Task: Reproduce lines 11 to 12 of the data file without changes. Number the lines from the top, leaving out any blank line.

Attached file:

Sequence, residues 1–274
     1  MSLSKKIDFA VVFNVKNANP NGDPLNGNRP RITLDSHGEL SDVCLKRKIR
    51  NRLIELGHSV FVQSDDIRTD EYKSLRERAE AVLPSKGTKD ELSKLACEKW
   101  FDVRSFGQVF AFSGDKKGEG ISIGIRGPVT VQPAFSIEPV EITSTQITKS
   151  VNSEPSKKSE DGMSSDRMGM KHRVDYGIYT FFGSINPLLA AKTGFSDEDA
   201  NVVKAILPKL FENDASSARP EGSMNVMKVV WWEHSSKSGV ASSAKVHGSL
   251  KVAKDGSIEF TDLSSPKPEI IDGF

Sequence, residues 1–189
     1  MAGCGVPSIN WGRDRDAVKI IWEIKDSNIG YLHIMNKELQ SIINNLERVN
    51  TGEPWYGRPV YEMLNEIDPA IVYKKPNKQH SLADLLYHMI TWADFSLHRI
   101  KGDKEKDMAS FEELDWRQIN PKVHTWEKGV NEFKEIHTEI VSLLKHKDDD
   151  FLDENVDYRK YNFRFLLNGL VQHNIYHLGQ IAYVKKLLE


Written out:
   101  KGDKEKDMAS FEELDWRQIN PKVHTWEKGV NEFKEIHTEI VSLLKHKDDD
   151  FLDENVDYRK YNFRFLLNGL VQHNIYHLGQ IAYVKKLLE